Understanding Dual Diagnosis

For the purpose of this web resource, the term “dual diagnosis” refers to individuals who are diagnosed with both a mental illness and an intellectual or developmental disability. These individuals often present with complex issues that are not readily addressed by providers or treatment designed to meet the needs of either mental health or intellectual/developmental disability. However, these individuals have a great need for supports, treatments, resources, and approaches that are highly integrated and collaborative across various disciplines to effectively support the whole person. To help you understand this subset of the individuals we serve and their specific needs, here are some resources:

The National Association for the Dually Diagnosed (NADD)
NADD is a not-for-profit membership association established for professionals, care providers and families to promote understanding of and services for individuals who have developmental disabilities and mental health needs.

National Alliance on Mental Illness (NAMI)
Mental Health Conditions - This website gives an overview of specific mental illnesses, treatment, and support.

National Association for the Dually Diagnosed (NADD) - Ontario Chapter
Dual Diagnosis: An Introduction to the Mental Health Needs of Persons with Developmental Disabilities - A book which can be viewed and printed by chapter or ordered from NADD

National Core Indicators
2011 Data Brief – Dual Diagnoses - The 2008-2009 National Core Indicators Consumer Survey Report provides descriptive and outcome data on 11,569 adults (18 years and older) receiving publicly financed developmental disabilities services in 26 states and four sub-states entities. This Data Brief explores characteristics and responses of individuals who had dual diagnoses of intellectual disability (ID) and mental illness and contrasts them with characteristics and responses of individuals who had a diagnosis of ID only.

Canada’s Centre for Addition and Mental Health
Dual Diagnosis: An Information Guide

Strategies for Supporting People with Co-Occurring Mental Illness and Intellectual Developmental Disabilities
National Association of State Directors of Developmental Disabilities Services, Charles R. Moseley, Ed.D., 2012, “Presentation given at SAMHSA's Olmstead Policy Academy in 2012 providing a review of state challenges and strategies for supporting people with co-occurring intellectual and developmental disabilities and mental illness”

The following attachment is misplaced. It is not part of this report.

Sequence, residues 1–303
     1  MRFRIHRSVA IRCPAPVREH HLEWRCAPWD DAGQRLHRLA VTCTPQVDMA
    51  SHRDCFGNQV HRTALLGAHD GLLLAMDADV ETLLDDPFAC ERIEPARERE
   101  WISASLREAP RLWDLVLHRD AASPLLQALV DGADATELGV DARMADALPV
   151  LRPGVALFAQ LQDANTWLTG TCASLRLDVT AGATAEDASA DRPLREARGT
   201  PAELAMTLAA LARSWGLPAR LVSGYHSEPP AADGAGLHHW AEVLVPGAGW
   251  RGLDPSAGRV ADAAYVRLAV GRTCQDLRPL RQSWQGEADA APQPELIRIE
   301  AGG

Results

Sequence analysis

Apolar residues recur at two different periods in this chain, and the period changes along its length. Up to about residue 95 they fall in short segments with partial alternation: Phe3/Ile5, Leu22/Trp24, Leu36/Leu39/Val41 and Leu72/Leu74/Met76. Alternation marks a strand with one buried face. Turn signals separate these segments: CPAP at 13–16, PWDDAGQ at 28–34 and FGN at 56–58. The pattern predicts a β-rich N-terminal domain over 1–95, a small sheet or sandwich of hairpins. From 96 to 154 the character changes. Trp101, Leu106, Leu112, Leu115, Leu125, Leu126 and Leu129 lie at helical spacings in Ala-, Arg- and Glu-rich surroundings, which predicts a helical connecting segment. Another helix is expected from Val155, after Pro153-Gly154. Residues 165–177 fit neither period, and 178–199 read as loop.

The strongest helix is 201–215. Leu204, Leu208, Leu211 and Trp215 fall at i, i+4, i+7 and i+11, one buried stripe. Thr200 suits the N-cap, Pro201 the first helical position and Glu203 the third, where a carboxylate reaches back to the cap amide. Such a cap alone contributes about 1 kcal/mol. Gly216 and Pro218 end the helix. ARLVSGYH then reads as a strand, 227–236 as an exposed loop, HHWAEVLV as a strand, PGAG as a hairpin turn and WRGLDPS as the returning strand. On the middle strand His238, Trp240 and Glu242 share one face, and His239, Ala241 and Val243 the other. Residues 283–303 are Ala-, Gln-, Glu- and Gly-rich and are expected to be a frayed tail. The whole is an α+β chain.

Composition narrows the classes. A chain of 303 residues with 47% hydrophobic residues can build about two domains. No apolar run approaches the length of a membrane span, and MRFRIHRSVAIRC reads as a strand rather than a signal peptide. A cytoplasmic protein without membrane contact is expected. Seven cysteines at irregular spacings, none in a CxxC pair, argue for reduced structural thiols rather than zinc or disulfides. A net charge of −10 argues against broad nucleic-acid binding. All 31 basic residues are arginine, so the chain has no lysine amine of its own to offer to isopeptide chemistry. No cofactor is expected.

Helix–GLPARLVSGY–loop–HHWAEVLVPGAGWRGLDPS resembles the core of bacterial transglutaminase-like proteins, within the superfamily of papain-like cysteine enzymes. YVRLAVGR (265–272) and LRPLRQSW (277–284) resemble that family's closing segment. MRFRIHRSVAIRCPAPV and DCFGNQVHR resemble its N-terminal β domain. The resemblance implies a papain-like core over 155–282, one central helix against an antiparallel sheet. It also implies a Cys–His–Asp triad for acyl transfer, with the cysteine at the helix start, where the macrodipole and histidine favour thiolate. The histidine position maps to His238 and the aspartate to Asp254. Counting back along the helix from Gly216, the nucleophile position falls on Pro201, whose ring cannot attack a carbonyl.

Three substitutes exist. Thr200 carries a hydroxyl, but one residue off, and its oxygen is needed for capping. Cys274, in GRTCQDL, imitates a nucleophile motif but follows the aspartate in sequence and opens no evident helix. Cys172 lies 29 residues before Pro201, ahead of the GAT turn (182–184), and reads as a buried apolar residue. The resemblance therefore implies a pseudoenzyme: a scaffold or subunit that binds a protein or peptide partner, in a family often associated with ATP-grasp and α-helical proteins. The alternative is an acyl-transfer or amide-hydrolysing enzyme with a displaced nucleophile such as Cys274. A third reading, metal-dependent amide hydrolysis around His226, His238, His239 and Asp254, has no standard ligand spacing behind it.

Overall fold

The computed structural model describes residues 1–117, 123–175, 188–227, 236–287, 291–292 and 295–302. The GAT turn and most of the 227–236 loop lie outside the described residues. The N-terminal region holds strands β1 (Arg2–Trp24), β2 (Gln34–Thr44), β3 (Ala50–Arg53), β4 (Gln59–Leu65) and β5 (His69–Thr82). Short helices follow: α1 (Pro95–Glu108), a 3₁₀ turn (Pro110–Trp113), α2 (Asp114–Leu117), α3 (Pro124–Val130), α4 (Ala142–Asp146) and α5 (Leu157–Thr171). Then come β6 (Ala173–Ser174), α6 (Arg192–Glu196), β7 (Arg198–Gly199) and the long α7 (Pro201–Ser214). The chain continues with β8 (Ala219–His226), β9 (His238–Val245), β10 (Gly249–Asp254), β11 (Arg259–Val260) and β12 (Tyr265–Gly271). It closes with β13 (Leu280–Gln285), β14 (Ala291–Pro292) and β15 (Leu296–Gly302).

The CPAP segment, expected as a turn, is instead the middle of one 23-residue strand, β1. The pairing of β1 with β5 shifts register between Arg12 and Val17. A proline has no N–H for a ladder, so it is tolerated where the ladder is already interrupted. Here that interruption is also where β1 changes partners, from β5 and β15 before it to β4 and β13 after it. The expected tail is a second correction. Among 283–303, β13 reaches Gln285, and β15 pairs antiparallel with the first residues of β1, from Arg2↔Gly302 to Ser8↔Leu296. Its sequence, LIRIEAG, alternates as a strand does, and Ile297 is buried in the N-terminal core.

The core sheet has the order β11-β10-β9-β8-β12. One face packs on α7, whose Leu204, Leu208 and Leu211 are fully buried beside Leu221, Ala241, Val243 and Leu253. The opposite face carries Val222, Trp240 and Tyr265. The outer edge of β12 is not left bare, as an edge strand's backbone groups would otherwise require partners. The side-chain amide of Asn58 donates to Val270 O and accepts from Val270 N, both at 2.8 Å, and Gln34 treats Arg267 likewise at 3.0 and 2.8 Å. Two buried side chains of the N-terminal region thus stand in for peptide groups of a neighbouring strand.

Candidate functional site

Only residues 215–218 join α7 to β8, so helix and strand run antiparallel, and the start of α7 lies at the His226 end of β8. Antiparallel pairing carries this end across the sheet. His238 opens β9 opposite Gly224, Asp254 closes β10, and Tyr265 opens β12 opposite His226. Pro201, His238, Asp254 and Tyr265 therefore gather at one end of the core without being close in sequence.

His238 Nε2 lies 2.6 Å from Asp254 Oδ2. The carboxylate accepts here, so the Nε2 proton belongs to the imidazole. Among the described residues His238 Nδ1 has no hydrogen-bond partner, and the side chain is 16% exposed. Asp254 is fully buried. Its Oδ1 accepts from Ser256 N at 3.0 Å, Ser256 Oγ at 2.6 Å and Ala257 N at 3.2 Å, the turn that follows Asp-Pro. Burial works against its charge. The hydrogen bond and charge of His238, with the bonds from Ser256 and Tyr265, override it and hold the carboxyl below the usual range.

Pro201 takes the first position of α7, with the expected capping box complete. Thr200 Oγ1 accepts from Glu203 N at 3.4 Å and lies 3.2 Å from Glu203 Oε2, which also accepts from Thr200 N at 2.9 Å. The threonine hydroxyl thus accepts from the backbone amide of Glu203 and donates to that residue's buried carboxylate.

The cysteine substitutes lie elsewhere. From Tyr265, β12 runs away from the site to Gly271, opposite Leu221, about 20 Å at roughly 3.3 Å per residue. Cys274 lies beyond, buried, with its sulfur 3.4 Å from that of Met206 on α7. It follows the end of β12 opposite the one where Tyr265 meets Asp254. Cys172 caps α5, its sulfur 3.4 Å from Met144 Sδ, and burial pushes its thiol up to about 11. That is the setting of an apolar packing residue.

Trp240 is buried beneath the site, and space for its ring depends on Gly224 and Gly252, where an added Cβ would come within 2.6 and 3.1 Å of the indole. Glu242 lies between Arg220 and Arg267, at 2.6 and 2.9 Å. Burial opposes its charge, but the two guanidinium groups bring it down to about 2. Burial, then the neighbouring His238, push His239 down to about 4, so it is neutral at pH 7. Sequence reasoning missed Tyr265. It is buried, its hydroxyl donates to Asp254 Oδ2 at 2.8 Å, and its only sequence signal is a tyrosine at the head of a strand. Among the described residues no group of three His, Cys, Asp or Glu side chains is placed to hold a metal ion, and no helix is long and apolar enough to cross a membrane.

Journals/Publications/Books

Dual Diagnosis: The Long Way Home
A Canadian Broadcasting Corporation (CBC) documentary about an Ontario couple whose son suffers from dual diagnosis. Click on the link below and search “dual diagnosis”.

Smiley, E., Cooper, S., Finlayson, J., Jackson, A., Allan, L., Mantry, D., McGrother, C., McConnachie, A., & Morrison, J. Incidence and predictors of mental ill-health in adults with intellectual disabilities: Prospective study. The British Journal of Psychiatry Sep 2007, 191 (4) 313-319; DOI: 10.1192/bjp.bp.106.031104

Lauren Charlot & Joan B. Beasley (2013) Intellectual Disabilities and Mental Health: United States–Based Research, Journal of Mental Health Research in Intellectual Disabilities, 6:2, 74-105

Understanding Intellectual Disability and Health
University of Hertfordshire/Hertfordshire Partnership University Foundation Trust & St George’s, University of London 

Dual Diagnosis: A guidebook for caregivers
This guidebook gives caregivers the tools they need to understand how mental illness might look in a person with a developmental disability, and information on what to do and where to go for help. It was written in order to help caregivers to collaborate with health care providers.

 

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